Telemus Weekly Market Review December 27th - December 31st, 2021
The 2022 Mindset
Within the market, 2021 can be considered a year of risk taking. Easy monetary policy and rapid improvements in economic conditions set the stage strong returns from higher risk assets such as commodities, high multiple stocks, high yield bonds, cryptocurrency and the new category of ‘meme’ stocks. The year concluded as the third consecutive year with roughly a 20% return for the S&P 500. For most investors, 2021 can be chalked up as a good year, with the lone black mark being bonds, which lost a modest -1.5%.
As we head into 2022, we expect to see a shift in the economic landscape as fiscal stimulus programs seem to have stalled out and the Fed has openly shifted toward a more restrictive policy of sunsetting its asset purchase program and preparing the market for a series of interest rate increases. The last few months of 2021 saw the market begin to react to this, however, we see the shift in sentiment and positioning continuing as we get further into 2022 once Fed expectations become reality.
How the market will play out given these shifting conditions is a bit unclear. History has yet to witness an environment where a central bank is winding down its quantitative easing program and starting a rising rate campaign while a pandemic continues to impair consumer and business activity. Saying exactly how market participants will react is not something we, nor anyone for that matter, can predict with precision.
Our comfort in the ability of investors to generate attractive long-term returns remains. The path of getting there, however, is less clear given a shift in economic policies and market conditions. As investors embark on 2022 we recommend a few strategies to help in navigating the year:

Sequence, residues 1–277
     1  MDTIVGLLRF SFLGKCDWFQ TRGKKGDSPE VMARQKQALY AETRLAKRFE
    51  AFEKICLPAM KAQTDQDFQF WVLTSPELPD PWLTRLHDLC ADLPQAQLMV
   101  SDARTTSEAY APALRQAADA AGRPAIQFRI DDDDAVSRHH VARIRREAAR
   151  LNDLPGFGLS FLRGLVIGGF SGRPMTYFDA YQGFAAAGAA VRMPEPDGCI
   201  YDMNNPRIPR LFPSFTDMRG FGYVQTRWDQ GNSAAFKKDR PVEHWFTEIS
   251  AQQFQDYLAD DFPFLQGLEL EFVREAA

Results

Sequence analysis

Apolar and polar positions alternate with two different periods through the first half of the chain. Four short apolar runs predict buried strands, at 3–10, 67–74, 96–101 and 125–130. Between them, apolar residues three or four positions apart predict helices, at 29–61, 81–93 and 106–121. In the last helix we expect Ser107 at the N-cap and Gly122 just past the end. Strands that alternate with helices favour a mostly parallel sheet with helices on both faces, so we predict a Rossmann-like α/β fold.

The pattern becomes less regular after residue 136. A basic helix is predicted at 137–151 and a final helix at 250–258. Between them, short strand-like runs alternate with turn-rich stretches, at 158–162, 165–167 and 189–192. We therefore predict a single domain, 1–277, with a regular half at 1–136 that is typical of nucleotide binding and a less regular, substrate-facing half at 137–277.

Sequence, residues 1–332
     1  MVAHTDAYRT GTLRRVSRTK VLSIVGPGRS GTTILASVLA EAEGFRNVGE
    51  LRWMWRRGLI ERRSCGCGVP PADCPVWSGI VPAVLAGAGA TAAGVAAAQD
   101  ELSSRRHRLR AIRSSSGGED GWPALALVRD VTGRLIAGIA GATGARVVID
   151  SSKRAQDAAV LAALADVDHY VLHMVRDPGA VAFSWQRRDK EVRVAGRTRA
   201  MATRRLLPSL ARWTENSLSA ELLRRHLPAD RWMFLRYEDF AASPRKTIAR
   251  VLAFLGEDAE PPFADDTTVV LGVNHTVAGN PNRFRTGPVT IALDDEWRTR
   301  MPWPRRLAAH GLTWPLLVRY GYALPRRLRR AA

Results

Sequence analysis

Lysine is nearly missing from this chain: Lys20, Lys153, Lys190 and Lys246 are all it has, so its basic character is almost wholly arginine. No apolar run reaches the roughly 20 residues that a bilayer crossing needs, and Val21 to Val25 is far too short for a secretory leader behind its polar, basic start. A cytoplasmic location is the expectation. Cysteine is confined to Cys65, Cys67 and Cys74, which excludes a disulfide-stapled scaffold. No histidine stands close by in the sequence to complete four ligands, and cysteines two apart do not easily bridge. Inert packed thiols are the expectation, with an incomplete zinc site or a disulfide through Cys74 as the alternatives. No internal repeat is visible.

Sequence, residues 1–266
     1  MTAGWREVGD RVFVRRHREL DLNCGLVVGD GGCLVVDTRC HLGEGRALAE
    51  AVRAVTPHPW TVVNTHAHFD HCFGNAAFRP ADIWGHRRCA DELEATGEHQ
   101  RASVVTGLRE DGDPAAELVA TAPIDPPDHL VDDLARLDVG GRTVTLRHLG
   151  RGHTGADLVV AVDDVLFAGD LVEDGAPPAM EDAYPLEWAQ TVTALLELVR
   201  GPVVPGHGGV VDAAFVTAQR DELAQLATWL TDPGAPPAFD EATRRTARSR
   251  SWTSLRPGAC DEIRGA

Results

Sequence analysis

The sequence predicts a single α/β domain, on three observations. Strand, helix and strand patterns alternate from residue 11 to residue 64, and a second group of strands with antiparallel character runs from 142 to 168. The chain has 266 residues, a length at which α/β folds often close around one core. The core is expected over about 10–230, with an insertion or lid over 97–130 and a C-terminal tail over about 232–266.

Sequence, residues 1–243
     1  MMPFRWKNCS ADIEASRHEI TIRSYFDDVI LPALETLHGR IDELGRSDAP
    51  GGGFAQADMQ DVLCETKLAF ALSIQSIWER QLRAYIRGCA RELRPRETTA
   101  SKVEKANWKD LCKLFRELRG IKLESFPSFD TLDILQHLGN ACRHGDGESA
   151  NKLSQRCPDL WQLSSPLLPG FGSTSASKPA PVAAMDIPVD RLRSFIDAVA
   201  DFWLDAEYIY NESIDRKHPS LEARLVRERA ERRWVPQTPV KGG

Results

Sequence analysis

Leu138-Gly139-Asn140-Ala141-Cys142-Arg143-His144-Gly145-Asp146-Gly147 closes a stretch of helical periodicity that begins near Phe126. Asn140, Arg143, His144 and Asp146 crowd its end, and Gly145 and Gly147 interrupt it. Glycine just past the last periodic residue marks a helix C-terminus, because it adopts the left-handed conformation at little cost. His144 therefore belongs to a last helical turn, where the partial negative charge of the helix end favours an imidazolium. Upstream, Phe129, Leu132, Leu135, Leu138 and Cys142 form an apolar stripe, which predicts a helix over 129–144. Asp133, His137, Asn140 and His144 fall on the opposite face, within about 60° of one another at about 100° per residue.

- Expect more volatility. Since bottoming out in March of 2020, stocks have had limited downside to them. The volatility within the market has largely been to the upside. It’s hard to complain about wild swings in asset prices if their values are going up. Remember that downside risk exists, and broad-based price declines will happen from time to time. Bracing yourself for a drawdown at some point is a reasonable expectation to have in any year.
- Don’t succumb to market averages. When looking at the broader market some have commented that the market may be overvalued. There are clearly pockets of stocks that appear to be expensive, while there are other segments of the market that appear more reasonable or even cheap. In fact, 2021 brought greater variation in returns creating more promising valuations and opportunities to certain segments of the market.
- Stay balanced. Every so often it’s good to reset your portfolio. Trimming back the top performers and adding to the laggards tends to help over the long-term. Case in point is energy. By far the worst performing sector within the S&P 500 index in 2020, it finished 2021 as the top performer.
- The start of a new calendar year doesn’t automatically change behavior. Outsized risk appetites carried through the entire year of 2021. We expect a greater awareness for risk as 2022 progresses, but to start the year some investors may continue to accept higher levels of risk.